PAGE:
Given that the Media Research Center, has accepted donations from fossil-fuel interests, it's not really a surprise to see its "news" division, CNSNews.com, take lazy shots at electric vehicles. An anonymous CNS writer was first up in an Oct. 4 article:
A new Rasmussen Reports survey revealed that only 25% of American adults believe electric cars are practical.
The survey also found that 52% of Americans think electric cars are not practical, and another 23% said they were not sure.
Seven years ago, a similar survey found that only 19% of Americans believed electric cars are practical.
The anonymous writer failed to tell readers that Rasmussen polls have a pronouced pro-Republican bias, so maybe its results aren't necessarily the most accurate.
This was followed by an Oct. 12 article by managing editor Michael W. Chapman, who bashed electric cars for not selling well:
In its latest report on the best-selling cars, trucks, and SUVs of 2021, Car and Driver's top ten are gasoline-fueled vehicles. There is not one electric vehicle (EV) on the list.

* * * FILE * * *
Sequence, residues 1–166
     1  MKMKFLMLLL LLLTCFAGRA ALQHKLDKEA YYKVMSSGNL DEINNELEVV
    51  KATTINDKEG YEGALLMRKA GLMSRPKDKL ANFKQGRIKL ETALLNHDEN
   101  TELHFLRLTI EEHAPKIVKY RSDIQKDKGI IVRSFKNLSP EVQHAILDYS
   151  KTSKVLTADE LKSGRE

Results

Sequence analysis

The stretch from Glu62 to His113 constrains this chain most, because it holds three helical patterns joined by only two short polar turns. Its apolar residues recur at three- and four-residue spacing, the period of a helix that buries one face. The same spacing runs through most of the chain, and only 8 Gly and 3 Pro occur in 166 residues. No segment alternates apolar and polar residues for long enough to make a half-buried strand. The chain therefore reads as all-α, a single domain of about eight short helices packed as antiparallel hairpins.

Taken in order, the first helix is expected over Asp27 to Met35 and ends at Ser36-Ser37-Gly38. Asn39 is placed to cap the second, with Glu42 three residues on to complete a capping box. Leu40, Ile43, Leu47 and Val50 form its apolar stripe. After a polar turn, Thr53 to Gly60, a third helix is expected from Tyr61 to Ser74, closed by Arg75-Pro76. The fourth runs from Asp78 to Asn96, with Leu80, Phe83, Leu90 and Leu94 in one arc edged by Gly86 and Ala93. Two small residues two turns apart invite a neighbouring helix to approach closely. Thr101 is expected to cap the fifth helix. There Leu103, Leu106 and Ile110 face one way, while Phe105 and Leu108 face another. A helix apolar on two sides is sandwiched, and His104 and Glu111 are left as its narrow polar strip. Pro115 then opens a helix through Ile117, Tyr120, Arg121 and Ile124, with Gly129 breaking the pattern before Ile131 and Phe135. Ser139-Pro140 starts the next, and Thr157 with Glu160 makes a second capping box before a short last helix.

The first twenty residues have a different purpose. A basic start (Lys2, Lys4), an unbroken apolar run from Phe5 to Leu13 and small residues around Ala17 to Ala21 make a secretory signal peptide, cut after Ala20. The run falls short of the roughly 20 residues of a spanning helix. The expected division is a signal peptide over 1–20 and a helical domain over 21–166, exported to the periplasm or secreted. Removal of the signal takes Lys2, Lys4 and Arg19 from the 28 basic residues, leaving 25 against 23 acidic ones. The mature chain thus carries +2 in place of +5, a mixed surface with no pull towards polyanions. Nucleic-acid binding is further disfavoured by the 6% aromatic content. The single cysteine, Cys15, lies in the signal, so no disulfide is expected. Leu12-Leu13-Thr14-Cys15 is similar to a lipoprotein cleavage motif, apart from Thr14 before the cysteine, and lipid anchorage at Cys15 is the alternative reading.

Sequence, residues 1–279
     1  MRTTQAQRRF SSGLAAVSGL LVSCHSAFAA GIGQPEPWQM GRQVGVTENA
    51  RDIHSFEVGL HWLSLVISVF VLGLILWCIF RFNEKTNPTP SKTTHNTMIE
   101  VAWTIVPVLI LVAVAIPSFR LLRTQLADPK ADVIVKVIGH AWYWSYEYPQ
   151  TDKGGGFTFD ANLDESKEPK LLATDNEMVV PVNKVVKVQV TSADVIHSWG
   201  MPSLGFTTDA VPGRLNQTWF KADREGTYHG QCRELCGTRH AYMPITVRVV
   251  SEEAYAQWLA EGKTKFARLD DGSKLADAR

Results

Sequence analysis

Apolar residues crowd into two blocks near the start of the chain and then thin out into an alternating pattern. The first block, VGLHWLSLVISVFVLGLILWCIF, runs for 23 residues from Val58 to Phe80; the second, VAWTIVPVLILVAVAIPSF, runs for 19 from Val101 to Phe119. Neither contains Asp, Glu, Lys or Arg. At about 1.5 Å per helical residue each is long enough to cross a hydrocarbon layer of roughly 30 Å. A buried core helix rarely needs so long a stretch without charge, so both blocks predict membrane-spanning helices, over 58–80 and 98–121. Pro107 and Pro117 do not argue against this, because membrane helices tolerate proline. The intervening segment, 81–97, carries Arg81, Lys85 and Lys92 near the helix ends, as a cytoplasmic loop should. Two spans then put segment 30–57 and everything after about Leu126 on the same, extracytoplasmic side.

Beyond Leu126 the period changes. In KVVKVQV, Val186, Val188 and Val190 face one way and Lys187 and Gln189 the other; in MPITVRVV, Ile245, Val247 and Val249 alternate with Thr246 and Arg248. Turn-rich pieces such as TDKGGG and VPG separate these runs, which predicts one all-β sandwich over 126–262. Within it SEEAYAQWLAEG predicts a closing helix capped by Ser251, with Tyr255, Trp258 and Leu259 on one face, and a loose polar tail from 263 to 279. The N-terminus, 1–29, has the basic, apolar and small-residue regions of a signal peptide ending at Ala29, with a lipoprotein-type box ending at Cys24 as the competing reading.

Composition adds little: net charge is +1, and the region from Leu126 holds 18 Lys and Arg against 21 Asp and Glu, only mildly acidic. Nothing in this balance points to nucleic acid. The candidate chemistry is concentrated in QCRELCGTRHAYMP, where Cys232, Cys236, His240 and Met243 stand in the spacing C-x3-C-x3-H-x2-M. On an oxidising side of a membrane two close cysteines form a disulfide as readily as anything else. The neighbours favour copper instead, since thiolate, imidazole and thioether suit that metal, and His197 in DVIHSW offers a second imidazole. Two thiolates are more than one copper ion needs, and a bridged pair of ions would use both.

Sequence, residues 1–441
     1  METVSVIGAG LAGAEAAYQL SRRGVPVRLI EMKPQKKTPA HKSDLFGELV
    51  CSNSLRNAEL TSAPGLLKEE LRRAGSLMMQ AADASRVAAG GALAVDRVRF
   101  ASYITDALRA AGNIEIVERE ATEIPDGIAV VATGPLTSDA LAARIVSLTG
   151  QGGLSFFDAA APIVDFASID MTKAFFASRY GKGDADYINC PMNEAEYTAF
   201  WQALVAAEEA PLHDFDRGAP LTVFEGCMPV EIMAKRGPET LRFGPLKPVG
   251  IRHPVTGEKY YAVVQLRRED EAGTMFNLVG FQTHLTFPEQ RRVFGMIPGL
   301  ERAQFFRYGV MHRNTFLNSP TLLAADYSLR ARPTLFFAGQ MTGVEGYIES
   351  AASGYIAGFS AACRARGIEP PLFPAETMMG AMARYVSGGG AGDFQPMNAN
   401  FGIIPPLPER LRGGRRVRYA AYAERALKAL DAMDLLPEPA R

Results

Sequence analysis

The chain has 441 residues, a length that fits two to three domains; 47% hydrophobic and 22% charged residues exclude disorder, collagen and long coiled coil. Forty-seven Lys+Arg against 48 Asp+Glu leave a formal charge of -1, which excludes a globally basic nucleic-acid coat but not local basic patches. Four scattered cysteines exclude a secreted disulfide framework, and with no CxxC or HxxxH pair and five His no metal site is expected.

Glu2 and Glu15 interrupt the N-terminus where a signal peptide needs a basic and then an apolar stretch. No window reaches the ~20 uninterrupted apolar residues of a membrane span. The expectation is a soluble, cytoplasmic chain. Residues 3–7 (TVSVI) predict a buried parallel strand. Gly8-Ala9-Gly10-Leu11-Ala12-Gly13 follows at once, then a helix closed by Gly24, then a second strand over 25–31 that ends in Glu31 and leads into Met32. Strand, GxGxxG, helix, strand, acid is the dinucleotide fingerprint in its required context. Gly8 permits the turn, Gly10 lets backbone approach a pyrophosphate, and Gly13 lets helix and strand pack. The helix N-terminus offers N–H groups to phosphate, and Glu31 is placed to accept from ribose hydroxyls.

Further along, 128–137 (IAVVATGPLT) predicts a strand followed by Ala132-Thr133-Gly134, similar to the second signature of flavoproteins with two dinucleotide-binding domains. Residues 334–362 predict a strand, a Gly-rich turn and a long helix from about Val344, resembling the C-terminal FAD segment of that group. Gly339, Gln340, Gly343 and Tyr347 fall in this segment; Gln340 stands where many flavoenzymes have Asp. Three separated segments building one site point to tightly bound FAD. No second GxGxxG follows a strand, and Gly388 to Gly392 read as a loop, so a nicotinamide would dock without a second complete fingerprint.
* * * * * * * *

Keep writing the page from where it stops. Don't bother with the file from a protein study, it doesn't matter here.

Some of the top ten cars and trucks are offered as hybrids (electric and gas), but they currently do not out-sell the traditional, internal-combustion-engine-run cars and trucks.
No doubt, electric (and hybrid) car sales are slowly growing. In 2019, according to the Bureau of Transportation Statistics, a total of 700,407 EVs, battery-run, and hybrids were sold in the U.S. However, in that same year, total used and new car sales totaled 62,107,000. So, the EVs, battery-run, and hybrids made up about 1.12% of U.S. car sales (used and new) that year.
But Chapman is being dishonest here. The Car & Driver list is of the top 25 best-selling cars, not the top 10, and selectively quoting the list allows him to omit the fact that 19th best-selling vehicle in the U.S. is the all-electric Tesla Model Y.
It seems that CNS feels it must be dishonest with its readers in order to protect its funding.